My first discussion about God with an atheist took place in 1971. I was a precocious eleven-year-old, and the atheist, a thirty-ish housewife who lived across the street, happened to be driving my sister and me somewhere as a favor to my mom. Sometime during that otherwise innocuous conversation, I mentioned God.
“God?” She gave a snort. “You believe in God, huh?”
“Yes . . .” I said timidly, confused by the sharp note of derision that so suddenly had entered her voice.
“Well, there’s no such thing as God,” she snapped. “He doesn’t exist, and people who believe in God believe in a myth.”
My heart started pounding. As a rather sheltered Catholic kid, I had never heard anything like that before. But being a plucky lad, seeing the irritation on her face in the rearview mirror goaded me to push back. And that’s when I discovered I had nothing to push back with.
Atheist Lady sliced and diced my clumsy attempts to defend my childlike belief in God — a belief which, to her, was childish. I couldn’t answer her arguments, so I sat in embarrassed silence for the rest of the ride. Thus ended my earliest foray into the world of atheism.
Perhaps because I was so thoroughly routed, that encounter made an impression on me.
In the nearly forty years since that day, I’ve discovered the fatal flaws of atheism. Ah, if only I could go back in time! Knowing what I know now, were I to have another conversation with Atheist Lady, I believe things would play out rather differently.
At one time or another, most Catholics will be hassled by an atheist over their belief in God, even if only indirectly. not everyone knows an atheist personally, but we all inhabit a society overrun with atheist proselytism. Anti-God propaganda forces its way into the public consciousness via the Internet, movies, billboards, and a recent avalanche of bellicose books, such as Christopher Hitchens’ God Is Not Great and Richard dawkins’ The God Delusion.
This is a serious problem, to be sure — but one susceptible to a particular, highly effective solution, which we present in this book.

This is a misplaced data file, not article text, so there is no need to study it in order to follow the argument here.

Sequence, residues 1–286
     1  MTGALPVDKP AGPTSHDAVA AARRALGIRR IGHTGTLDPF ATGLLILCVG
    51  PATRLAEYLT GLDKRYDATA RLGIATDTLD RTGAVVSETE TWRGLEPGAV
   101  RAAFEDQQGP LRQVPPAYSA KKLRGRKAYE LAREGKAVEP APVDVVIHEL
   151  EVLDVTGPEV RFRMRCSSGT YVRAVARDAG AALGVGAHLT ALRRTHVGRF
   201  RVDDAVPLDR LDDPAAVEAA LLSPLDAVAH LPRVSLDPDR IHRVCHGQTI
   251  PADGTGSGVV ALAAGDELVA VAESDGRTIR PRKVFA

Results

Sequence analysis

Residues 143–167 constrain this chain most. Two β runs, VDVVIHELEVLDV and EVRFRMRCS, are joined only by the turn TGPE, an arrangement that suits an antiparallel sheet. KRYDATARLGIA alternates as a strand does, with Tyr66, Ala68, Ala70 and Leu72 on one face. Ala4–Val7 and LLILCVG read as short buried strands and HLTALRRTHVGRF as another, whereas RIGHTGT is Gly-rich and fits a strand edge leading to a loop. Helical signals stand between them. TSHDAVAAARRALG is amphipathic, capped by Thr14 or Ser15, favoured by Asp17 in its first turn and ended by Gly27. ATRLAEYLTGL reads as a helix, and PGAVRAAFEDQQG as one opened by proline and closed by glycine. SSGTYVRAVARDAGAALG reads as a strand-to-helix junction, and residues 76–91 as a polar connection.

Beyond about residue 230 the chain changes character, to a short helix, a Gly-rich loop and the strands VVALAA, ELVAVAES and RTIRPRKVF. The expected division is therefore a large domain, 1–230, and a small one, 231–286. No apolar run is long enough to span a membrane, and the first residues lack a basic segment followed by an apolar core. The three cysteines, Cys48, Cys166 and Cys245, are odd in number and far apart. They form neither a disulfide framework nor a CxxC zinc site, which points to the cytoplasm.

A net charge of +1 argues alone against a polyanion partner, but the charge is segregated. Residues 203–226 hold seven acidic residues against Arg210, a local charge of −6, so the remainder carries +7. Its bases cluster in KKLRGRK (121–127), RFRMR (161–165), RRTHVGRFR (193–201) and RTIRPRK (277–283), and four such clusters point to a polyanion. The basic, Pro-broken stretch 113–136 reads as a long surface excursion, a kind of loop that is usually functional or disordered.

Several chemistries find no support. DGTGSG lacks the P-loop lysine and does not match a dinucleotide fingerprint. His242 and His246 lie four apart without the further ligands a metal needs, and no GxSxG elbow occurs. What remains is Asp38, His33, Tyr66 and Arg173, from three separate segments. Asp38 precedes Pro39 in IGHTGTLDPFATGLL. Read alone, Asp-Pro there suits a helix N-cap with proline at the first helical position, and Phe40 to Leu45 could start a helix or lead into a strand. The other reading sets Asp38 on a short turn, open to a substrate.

It has been an honor for me to co-author The Godless Delusion with my friend Kenneth Hensley. This collaboration is the result of our combined years of learning (often acquired in the School of Hard Knocks) and practical experience in dealing with atheists. We have pondered both the philosophical and cosmological reasons for believing in God, as well as the various atheist arguments against God. We’ve also studied atheists themselves — observing what they say and how they act.
The more we studied and discussed and observed atheism and atheists, the more convinced Kenneth and I became that the most effective way to debunk their arguments against God is through a thoroughgoing appeal to reason. True, our faith in God is vitally important to us as Catholics, but such faith does not impress atheists, who pride themselves as seeking truth solely on the basis of evidence, not “faith.” Fair enough.
We believe in God not as a mere theoretical concept or because believing provides a comforting alternative to the bleak meaninglessness of atheism. Rather, we contend, there are solid, compelling reasons for believing, including our central premise of this book: that atheism, which is the sole alternative to the existence of God (i.e., he either exists or he doesn’t), is itself utterly, irretrievably unreasonable.
“God?” Atheists ask. “You believe in God?”
Yes. We do.
Turn the page and we’ll show you why. We’ll demonstrate that only God’s existence can provide a rational account for reality as we know it and, therefore, why the atheist alternative is just a delusion.— Patrick Madrid